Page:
While doing research about The 7th Voyage of Sinbad for my last post I discovered, thanks to this 2008 post on Cartoon Brew, that in 2008 a home movie taken in 1956 at Disneyland titled “Disneyland Dream” was selected for preservation by the National Film Registry in what Home Brew refers to as “one of the oddest choices LoC has ever made.” You can watch the movie in its entirety on the Internet Archive here.
What’s more, Andy Rush’s recent post features the film”These Amazing Shadows” couldn’t be more timely given it points to this documentary which is all about the National Film Registry and it’s cultural significance. Which begs the question why would they designate a 30 minute home movie taken by an unabashed amateur as a cultural treasure that needs to be preserved? The reason listed below is taken from the Wikipedia article:
The National Film Registry cited its “fantastical historical snapshots” of early Southern California and the budding importance of the home movies in “American cultural studies as they provide priceless and authentic record of time and place.”
This idea of home movies in the 50s and 60s as genre of films that archivists like Rick Prelinger have been championing for a while now is fascinating, and I wonder if the explosion of “home movies” since the advent of YouTube can even more clearly delineate and reinforce the cultural significance of such a genre given it is currently the engine that drives a large part of the culture we view online. Perhap’s another reason for its preservation is that it captures an eleven year old Steve Martin selling guidebooks (actually this is not really a reason because Steve Martin discovered this himself after the film was added to the list of historic films):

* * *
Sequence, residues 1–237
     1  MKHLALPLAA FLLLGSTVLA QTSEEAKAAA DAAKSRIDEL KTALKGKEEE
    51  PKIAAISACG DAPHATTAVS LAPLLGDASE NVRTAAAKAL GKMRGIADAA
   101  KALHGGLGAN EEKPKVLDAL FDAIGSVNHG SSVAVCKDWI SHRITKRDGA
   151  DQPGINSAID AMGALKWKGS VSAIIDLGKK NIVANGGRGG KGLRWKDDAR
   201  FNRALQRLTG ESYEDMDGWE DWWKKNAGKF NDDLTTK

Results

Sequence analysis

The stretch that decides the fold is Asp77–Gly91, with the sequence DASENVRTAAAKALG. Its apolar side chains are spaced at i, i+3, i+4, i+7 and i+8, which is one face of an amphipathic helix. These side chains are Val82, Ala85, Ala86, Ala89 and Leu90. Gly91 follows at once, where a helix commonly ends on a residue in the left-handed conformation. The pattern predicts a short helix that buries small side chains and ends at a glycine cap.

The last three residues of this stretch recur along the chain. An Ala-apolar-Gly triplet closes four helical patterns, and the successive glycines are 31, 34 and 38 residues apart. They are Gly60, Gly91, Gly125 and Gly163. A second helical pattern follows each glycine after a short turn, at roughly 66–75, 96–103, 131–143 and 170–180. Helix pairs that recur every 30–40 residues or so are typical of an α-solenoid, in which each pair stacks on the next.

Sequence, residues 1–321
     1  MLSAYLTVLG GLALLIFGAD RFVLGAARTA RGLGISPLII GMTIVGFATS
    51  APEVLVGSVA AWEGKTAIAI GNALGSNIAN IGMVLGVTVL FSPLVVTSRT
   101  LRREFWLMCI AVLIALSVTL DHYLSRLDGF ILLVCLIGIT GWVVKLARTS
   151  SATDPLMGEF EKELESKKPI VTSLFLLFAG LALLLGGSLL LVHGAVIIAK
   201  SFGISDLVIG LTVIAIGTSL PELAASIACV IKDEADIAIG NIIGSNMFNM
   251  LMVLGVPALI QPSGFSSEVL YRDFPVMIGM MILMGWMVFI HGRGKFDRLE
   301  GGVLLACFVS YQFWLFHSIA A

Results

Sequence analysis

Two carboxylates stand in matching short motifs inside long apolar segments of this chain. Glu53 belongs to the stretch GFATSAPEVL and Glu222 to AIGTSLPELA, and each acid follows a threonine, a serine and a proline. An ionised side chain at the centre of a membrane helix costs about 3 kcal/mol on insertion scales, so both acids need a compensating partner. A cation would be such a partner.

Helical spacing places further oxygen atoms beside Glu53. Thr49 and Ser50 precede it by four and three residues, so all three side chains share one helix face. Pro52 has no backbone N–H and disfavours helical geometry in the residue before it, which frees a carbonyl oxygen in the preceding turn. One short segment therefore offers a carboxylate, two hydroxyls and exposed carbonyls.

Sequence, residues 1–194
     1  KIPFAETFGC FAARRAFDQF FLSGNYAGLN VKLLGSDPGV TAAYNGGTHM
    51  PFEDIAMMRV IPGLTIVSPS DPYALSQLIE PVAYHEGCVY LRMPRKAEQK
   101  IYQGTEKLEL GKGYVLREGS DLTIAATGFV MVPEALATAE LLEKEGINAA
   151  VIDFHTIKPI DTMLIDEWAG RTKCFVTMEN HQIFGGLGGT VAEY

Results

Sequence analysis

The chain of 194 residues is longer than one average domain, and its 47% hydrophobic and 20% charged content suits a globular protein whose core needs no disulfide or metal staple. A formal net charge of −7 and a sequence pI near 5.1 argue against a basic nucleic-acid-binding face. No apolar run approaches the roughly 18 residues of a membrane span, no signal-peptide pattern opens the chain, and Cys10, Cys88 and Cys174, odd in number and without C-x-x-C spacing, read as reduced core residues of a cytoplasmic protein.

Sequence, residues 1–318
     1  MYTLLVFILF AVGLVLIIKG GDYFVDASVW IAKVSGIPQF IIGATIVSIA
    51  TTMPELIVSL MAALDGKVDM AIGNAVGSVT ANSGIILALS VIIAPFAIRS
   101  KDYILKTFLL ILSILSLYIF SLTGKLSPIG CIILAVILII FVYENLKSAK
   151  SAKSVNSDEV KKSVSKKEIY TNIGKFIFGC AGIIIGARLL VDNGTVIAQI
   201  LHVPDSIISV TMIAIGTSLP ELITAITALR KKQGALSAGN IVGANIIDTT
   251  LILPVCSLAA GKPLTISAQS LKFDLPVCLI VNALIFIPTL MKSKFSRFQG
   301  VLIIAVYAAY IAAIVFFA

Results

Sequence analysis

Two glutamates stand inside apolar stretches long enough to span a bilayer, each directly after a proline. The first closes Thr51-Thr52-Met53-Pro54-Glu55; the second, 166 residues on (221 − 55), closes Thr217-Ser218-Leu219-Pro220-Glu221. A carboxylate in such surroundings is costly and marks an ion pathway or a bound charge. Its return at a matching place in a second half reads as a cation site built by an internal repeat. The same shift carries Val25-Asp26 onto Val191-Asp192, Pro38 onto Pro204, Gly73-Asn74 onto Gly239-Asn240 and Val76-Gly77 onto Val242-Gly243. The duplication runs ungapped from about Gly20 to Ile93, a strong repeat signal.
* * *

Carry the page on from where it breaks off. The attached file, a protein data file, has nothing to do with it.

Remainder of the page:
More and more I am thinking the film class I am imagining for the Spring 2013 semester might focus very specifically on the ideas of film preservation, the National Film Registry, and the selection process behind a number of the 575 films preserved in the Registry. It could be a very fun class to use this as a filter, and start limiting it to genres of films selected, seemingly odd choices like Disneyland Dream, number of Oscar winners selected, etc. It would be interesting to see how different the list of preserved films is from those that received Academy Awards.
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